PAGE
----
In October of 2011, Canada’s
federal government announced its four-year plan – and $28 million budget – to commemorate the War of 1812
. The bicentennial anniversary of this conflict, which was fought between the United States and the British together with a number of First Nations
tribes, will come to pass in June of this year.
The War of 1812 is considered a defining event in Canada’s history. According to the official government website
for the commemoration,
The War helped establish [Canada’s] path towards becoming an independent and free country, united under the Crown with a respect for linguistic and ethnic diversity.
It was a war that was instrumental in establishing Canada’s armed forces, it laid the foundation for Confederation and it established the cornerstones of many of the nation’s political institutions.
Yet, for as important an event as it was, it seems to be fading rapidly from the collective memory of Canadian and US citizens. As reported in The Washington Street Journal
, a 2009 poll conducted for the Ontario
Ministry of Tourism showed that 74% of Americans travelers, as well as 66% of Canadians, who were aware of the conflict were unable to recall a single specific event in the war.
To Americans in particular, the significance of this commemoration may not be fully understood because of the way the war is perceived in the US. According to the Canada Free Press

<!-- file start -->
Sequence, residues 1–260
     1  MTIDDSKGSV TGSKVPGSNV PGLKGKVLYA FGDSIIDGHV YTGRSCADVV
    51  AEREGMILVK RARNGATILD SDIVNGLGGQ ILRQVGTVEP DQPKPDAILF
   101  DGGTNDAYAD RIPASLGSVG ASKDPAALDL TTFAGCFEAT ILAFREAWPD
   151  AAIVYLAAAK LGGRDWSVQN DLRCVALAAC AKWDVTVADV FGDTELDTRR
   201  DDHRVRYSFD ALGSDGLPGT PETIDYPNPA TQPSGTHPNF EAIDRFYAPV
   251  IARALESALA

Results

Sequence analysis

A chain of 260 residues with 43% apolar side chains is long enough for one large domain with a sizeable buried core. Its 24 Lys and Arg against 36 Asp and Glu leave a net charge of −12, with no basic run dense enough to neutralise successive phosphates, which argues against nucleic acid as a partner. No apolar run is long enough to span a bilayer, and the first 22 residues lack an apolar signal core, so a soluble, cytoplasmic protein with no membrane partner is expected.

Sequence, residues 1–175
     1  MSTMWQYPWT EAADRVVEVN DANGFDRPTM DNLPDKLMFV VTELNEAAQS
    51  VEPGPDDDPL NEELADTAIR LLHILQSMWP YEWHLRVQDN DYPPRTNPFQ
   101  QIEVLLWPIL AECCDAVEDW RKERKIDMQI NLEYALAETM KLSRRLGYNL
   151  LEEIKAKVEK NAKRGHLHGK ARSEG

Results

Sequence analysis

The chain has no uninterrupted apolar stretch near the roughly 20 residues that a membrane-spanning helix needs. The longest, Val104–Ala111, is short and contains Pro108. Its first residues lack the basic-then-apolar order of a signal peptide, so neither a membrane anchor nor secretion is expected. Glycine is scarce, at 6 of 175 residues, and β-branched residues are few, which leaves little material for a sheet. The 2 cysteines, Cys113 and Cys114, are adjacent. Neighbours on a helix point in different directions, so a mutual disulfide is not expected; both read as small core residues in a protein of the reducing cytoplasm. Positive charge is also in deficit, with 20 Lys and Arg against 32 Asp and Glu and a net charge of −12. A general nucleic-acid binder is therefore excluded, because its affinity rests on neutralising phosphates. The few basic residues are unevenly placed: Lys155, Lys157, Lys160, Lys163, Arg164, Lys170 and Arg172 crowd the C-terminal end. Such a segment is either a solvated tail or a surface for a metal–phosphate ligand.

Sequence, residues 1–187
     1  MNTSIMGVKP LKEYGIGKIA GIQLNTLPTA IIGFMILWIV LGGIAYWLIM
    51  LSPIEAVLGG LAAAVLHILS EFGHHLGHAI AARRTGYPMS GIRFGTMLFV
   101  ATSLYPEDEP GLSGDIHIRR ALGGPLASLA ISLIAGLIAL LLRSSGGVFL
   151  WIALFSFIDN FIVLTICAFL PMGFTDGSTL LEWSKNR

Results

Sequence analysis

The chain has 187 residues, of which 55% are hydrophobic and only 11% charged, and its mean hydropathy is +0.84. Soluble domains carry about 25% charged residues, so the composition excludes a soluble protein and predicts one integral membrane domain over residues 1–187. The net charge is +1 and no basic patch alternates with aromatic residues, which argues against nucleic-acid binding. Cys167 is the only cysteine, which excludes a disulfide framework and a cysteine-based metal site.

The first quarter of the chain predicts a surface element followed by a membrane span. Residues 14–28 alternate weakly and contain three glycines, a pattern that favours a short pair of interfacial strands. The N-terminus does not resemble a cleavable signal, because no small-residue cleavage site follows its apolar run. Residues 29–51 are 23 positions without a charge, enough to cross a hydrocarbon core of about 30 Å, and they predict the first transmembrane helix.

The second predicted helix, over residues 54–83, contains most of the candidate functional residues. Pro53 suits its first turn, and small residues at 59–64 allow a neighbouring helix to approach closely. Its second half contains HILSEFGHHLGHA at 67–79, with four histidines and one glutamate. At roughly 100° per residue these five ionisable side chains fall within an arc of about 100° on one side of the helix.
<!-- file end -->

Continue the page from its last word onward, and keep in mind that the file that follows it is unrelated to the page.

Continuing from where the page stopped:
, many Americans were never taught about the battles of 1812 in school. They have only a vague idea that the war was somewhat of an embarrassment to the American side.
Pulitzer Prize-winning historian Alan Taylor speculates (as reported by The Washington Street Journal
) that the bicentennial commemoration is not stirring much interest among US citizens because it is competing for attention with the 150th anniversary of key events of the Civil War – a conflict which resonates strongly with many Americans.
Though it has been called “the Forgotten War,” many assert that the War of 1812 is a conflict worth remembering – for both Canadians and
Michel Duquet, Executive Director of the Canadian Historical Association
, is pleased by the Canadian government’s efforts. He states, “The commemorative events surrounding the War of 1812 have done much to revive historical interest in this conflict on both sides of the border … the vast majority of Canadian and American citizens contacted [for a February, 2012 Ipsos Reid poll] felt that the bicentennial was an important event to commemorate.”
Duquet adds, “[The] various initiatives undertaken by the Canadian government and various states and cities in the United States to commemorate the War of 1812 will go a long way to ensure that Canadians and Americans do remember this defining moment in our history.”
Similarly, Mark Reid, editor of Canada’s History Magazine
, says, “The War of 1812 was the most crucial war of the century and that is why it is imperative that both Canadians and Americans remember it. It is important that we commemorate an event in which two countries at war have gone on to be not only neighbours but also allies and friends.”
Both are poignant statements. It was
a defining moment in Canadian and
American history. The war was declared in June of 1812 – in June of 2012 the event will be commemorated by the Canadian government. That’s an almost two hundred
year peace; two hundred years in which two great nations have come together – and stayed together. That is arguably one of the most valuable lessons to be learned from the conflict, and is likewise one of the most important reasons why the War of 1812 should be remembered on both sides of the border.